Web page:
How to Shape Your Corporate Social Responsibility Around COVID-19


5 min read

Opinions expressed by Entrepreneur contributors are their own.


When COVID-19 struck, life came crashing down for people around the world. From how we work to the ways our kids learn, much of what we took for granted suddenly changed. 

In times like these, entrepreneurs have a responsibility to develop products and programs that make more than a bottom-line impact. They’ve risen to the challenge in all sorts of ways, from offering their services in safer ways to financially supporting families that are struggling.

To be sure, those are social goods, but a number of entrepreneurs have gone the extra mile. Here are five ways they’re demonstrating above-and-beyond during the pandemic.

1. Making accessible

COVID-19 ground education systems to a halt. Universities cut their semester short, sending students home to complete the rest virtually. Parents who’d never home-schooled before were forced to put on their teacher hats.

As an entrepreneur, you may not be a parent, but you’ve been a student. Think about how you can fill gaps left by a lack of classroom instruction. Edtech company Instructure, for instance, supports distance learning by pairing customized modules with videoconferencing services.

Lean in the direction of your expertise. If you taught yourself to code, could you offer a coding bootcamp? Perhaps you could set up a tutoring service in a subject of your specialty. 

Related: How will Change the Education System post Covid-19

2. Pivoting a product

Entrepreneurs know that product development must shift as the market’s needs do. Never has that been more true than during the pandemic. 

Start with your mission. Notify, a nurse-call technology platform, went into business to help caregivers respond to emergencies sooner. For the COVID-19 crisis, it built an application to facilitate no-contact communication between patients and their doctors. 

Get creative. Could a concept similar to something you already have on the market make a difference? If you’re an apparel company, could you develop a quick-dry mask? Perhaps grocery packaging is your swim lane: What about a virucidal plastic that’s safe for food contact?

3. Going above and beyond on prevention

Even if you don’t have a product that can give people a leg up on the pandemic, there are still plenty of ways to make a difference. Think about your customers’ risk exposure, and help them cover their bases (and faces).

HyVee made headlines by doing exactly that. In late July, the midwestern grocery chain announced it would distribute three million free face masks to shoppers. It’s also placing signs in its stores to remind shoppers to keep their distance.

People take cues from the companies they do business with. Be a model. Insist that your team members wear face coverings, even if it’s not legally required in your area. Post guides in restrooms to help customers wash their hands thoroughly. Offer small bottles of hand sanitizer as freebies.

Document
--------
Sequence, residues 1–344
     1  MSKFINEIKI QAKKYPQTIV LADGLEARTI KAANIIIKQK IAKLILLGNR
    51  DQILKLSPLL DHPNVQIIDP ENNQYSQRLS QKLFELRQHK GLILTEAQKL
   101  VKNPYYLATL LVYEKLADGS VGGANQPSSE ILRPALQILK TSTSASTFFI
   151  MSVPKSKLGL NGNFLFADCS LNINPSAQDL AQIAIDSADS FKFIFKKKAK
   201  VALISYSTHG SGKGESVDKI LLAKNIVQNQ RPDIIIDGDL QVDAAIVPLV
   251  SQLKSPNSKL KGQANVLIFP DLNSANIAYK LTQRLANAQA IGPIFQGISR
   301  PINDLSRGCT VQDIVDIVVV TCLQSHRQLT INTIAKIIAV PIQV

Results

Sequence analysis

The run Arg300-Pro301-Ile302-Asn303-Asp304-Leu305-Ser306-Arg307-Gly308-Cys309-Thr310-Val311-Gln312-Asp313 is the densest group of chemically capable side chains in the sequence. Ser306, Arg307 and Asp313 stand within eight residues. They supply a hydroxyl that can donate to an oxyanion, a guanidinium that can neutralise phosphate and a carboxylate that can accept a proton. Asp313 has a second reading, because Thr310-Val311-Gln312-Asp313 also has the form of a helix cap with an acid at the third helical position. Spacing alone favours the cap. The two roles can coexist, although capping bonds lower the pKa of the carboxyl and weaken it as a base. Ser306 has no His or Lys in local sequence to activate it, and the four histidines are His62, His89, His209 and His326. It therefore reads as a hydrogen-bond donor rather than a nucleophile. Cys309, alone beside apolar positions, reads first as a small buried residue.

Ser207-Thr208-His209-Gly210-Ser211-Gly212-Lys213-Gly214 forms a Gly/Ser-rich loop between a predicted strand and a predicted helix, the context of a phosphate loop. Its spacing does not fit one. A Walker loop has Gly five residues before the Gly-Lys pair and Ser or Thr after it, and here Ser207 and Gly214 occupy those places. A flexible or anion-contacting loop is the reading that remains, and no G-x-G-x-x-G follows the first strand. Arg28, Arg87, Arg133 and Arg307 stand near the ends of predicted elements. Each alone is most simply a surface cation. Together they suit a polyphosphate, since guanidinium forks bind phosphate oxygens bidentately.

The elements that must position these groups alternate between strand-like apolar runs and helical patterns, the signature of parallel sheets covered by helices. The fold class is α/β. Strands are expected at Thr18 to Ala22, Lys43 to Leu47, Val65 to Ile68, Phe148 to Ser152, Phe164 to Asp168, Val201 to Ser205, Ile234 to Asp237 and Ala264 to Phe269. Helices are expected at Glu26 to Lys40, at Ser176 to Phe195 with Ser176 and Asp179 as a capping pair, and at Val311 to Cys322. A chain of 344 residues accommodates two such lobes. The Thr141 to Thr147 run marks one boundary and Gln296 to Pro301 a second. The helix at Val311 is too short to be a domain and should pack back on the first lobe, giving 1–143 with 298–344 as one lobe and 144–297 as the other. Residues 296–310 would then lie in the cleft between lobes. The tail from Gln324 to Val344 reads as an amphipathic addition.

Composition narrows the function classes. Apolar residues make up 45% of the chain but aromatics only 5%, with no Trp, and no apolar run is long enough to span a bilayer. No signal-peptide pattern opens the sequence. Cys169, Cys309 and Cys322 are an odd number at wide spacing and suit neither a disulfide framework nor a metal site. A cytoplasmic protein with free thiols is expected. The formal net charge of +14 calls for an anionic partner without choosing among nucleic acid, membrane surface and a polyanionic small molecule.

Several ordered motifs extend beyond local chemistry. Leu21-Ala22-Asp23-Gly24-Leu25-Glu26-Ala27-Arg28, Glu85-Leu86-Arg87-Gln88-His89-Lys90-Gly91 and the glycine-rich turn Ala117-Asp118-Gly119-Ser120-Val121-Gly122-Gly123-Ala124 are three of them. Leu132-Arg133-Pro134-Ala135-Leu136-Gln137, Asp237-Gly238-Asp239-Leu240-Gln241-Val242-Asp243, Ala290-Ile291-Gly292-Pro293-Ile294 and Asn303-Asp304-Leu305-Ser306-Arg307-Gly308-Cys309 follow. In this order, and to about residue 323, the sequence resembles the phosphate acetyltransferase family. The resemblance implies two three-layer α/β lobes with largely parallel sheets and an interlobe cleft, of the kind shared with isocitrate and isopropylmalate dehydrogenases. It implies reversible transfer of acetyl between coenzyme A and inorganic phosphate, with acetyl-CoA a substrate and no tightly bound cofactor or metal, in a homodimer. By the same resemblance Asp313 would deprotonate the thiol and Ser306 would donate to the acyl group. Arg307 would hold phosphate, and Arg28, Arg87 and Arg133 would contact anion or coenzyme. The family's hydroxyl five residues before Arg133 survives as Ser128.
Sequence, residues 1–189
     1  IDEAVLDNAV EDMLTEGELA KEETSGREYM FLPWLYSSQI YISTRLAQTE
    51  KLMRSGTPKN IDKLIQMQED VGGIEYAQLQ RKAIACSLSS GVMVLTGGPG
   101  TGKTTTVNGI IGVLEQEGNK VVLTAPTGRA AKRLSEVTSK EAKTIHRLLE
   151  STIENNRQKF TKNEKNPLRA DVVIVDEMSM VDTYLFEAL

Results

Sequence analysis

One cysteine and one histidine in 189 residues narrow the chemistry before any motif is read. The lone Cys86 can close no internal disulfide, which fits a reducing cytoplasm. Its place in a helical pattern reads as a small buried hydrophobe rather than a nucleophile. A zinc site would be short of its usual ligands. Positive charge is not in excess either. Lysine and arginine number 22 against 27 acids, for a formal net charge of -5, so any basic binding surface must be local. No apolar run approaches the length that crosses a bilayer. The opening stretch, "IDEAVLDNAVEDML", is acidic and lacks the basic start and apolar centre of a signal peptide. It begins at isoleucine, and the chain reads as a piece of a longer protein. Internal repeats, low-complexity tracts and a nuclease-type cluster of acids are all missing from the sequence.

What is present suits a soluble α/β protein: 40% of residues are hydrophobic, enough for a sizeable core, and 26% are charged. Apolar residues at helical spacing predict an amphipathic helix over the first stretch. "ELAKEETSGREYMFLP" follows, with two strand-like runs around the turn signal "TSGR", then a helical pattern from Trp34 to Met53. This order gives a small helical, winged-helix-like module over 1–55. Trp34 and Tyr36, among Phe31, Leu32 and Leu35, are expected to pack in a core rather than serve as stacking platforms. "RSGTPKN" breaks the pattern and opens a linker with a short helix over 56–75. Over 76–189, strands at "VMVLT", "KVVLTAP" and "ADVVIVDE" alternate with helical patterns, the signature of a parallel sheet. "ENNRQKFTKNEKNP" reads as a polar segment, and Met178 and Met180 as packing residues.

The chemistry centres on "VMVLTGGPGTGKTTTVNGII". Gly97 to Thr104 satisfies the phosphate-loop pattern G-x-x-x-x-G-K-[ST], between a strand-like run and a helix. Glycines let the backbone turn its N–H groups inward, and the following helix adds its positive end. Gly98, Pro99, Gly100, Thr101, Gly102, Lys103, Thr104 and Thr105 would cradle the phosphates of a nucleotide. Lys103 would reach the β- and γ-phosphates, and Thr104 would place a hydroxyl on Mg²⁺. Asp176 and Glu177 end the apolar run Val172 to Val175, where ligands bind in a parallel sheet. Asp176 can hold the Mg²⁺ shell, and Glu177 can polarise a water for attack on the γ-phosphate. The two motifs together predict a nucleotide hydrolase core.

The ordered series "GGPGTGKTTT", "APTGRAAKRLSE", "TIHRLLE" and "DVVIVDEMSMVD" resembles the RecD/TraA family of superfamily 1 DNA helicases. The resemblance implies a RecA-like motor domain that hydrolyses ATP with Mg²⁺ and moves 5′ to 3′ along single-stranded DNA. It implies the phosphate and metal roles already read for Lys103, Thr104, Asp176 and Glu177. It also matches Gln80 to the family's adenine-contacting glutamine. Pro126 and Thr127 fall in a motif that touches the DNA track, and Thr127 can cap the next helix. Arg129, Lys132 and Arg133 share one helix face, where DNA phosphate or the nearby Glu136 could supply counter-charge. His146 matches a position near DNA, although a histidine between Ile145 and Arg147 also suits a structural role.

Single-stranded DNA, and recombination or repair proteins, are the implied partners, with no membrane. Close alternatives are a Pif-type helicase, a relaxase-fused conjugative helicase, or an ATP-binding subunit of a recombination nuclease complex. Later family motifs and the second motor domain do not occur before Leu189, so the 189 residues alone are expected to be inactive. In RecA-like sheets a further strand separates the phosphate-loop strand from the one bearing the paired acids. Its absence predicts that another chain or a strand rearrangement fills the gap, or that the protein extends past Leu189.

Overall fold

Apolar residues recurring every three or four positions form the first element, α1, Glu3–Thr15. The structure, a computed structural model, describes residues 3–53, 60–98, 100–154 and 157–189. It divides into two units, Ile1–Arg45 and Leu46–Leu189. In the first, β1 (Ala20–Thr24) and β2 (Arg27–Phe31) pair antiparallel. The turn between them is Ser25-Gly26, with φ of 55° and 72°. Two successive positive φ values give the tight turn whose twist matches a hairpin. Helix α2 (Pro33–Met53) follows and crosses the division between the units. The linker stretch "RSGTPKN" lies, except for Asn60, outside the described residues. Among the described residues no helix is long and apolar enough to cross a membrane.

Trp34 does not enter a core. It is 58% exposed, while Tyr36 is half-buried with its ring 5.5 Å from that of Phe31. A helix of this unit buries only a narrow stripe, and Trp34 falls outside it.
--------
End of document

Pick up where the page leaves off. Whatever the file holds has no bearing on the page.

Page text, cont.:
Related: COVID-19 Will Fuel the Next Wave of Innovation

The pandemic has been tough on everyone, but service workers have had it particularly hard. Not only do they put their lives at risk when they work, but relatively few receive employer-sponsored .

In a partnership with Lyra Health, coffee giant is giving up to 20 free therapy sessions to its team members. To address the financial component of mental health, Starbucks also announced catastrophe pay for team members who miss work as a result of exposure to the virus.

Some members of your team will struggle with mental health more than others, and that’s OK. Share a list of mental health resources in your area. Point out what mental health benefits your insurance plan provides them. Be generous with breaks and empathetic with those who are anxious about exposure at work. 

5. Helping to strengthen social ties

Millions of Americans are cooped up at home in an effort to slow the virus’s spread. Help them stay socially connected while doing the right thing.

AT&T, Spring, and all sorts of other telecommunications companies have signed a pledge to help Americans stay in touch. They’ve agreed to not terminate service because a customer can’t pay, waive late fees incurred as a result and make their Wi-Fi hotspots public.

Your business might not be able to go quite that far, but it can help people keep their social ties strong in all sorts of other ways. Create online communities that cater to everyone, not just your customers. Host virtual events that put people in touch with each other (think platonic speed-dating). 

Related: How to Support Employees’ Mental Health as You Return to the Office

Your business doesn’t just serve communities; it’s part of them. Do your part to protect them. Think about how you can maximize your impact. During and after the pandemic, your generosity won’t go unnoticed.

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